Dunning Kruger effect test (on someone else)

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Dunning Kruger effect test (on someone else)

Postby everything on Fri Nov 12, 2021 10:55 am

https://www.inc.com/jeff-haden/heres-ho ... think.html

TL;DR:
As my Inc. colleague Jessica Stillman says, "next time you're trying to determine if someone is actually super smart or simply bluffing, don't ask whether they're always right. Instead, ask when was the last time they changed their opinion. If they can't name lots of times they were wrong, they're probably not as smart as they want to appear."


I suppose you could ask yourself the same question to try to determine if you're an idiot about something... or in general...
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Re: Dunning Kruger effect test (on someone else)

Postby Doc Stier on Fri Nov 12, 2021 2:27 pm

Every family has at least one real idiot. If it isn't immediately and clearly obvious to you who that person is in your own family, it's probably you. ;D
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Re: Dunning Kruger effect test (on someone else)

Postby Bhassler on Fri Nov 12, 2021 5:48 pm

Anybody who references the Dunning-Kruger effect but who has not read the actual research is likely guilty of thinking they know much more on the subject than they actually do.
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Re: Dunning Kruger effect test (on someone else)

Postby everything on Fri Nov 12, 2021 8:39 pm

Doc Stier wrote:Every family has at least one real idiot. If it isn't immediately and clearly obvious to you who that person is in your own family, it's probably you. ;D


Hmmmmmmmmmmm lol
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Re: Dunning Kruger effect test (on someone else)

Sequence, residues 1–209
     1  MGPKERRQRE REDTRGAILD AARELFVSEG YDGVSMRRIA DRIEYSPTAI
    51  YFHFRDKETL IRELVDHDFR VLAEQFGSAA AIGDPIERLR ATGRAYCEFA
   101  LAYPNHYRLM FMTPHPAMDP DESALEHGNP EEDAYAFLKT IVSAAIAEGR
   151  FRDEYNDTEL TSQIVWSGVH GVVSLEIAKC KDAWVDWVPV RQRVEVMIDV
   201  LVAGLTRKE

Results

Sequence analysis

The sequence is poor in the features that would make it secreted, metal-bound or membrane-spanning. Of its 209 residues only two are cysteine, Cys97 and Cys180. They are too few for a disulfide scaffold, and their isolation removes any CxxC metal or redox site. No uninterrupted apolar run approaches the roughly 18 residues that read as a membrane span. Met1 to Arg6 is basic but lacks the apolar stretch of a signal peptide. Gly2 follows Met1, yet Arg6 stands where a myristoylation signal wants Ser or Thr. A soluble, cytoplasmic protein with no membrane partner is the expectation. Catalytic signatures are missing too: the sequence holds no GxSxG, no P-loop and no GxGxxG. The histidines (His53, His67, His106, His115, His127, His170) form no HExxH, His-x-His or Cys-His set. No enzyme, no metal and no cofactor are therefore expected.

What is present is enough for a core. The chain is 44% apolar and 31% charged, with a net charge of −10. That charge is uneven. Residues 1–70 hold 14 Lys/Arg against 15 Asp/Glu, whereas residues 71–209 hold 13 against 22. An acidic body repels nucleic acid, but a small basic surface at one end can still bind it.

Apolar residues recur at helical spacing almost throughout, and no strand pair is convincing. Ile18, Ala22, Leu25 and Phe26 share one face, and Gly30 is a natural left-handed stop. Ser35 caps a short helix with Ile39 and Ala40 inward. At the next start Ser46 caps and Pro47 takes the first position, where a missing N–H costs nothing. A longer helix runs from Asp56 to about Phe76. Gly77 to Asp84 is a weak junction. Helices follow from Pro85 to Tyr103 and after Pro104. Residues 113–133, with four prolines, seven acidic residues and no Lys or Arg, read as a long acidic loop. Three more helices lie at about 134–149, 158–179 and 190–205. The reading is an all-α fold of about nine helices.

Postby Ian C. Kuzushi on Sat Nov 13, 2021 2:50 am

Bhassler wrote:Anybody who references the Dunning-Kruger effect but who has not read the actual research is likely guilty of thinking they know much more on the subject than they actually do.


;D Not bad, not bad.

Honestly, though, it seems like the most common misconception in regards to the original study is the misunderstanding that those with no expertise will have higher confidence than those with expertise. In reality, the people with true expertise have the highest confidence, with those with the lowest/no expertise having the next highest confidence (well above those with middling expertise).

But, later studies done by the same authors (eg: 2013) showed that ignoramuses could and did display confidence statistically equal to those with true expertise. So, I think most people who use the term organically (rather than preemptively as it is sometimes used on this board), aren't that far off.

Then again, there are also cultural differences that have illustrated that the Dunning Kruger effect is not universal. The Japanese appear to be less full of shit, for example.
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Re: Dunning Kruger effect test (on someone else)

Postby everything on Sat Nov 13, 2021 8:36 am

It seems in Japanese culture, you can apprentice for 50 years with an actual master and still not feel you’ve gotten it down just yet.

How refreshing it would be to have just a little of this attitude / worldview. Instead QBs and drop out media personalities and shitshow politicians are “experts”.
Last edited by everything on Sat Nov 13, 2021 8:37 am, edited 1 time in total.
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Re: Dunning Kruger effect test (on someone else)

Postby Bhassler on Sat Nov 13, 2021 9:55 am

Ian C. Kuzushi wrote:Honestly, though, it seems like the most common misconception in regards to the original study is the misunderstanding that those with no expertise will have higher confidence than those with expertise. In reality, the people with true expertise have the highest confidence, with those with the lowest/no expertise having the next highest confidence (well above those with middling expertise).

But, later studies done by the same authors (eg: 2013) showed that ignoramuses could and did display confidence statistically equal to those with true expertise. So, I think most people who use the term organically (rather than preemptively as it is sometimes used on this board), aren't that far off.

Then again, there are also cultural differences that have illustrated that the Dunning Kruger effect is not universal. The Japanese appear to be less full of shit, for example.


Actually, there seems to be a pretty good chance that the whole thing is a statistical artefact, rather than any sort of real phenomena.

https://www.mcgill.ca/oss/article/criti ... y-not-real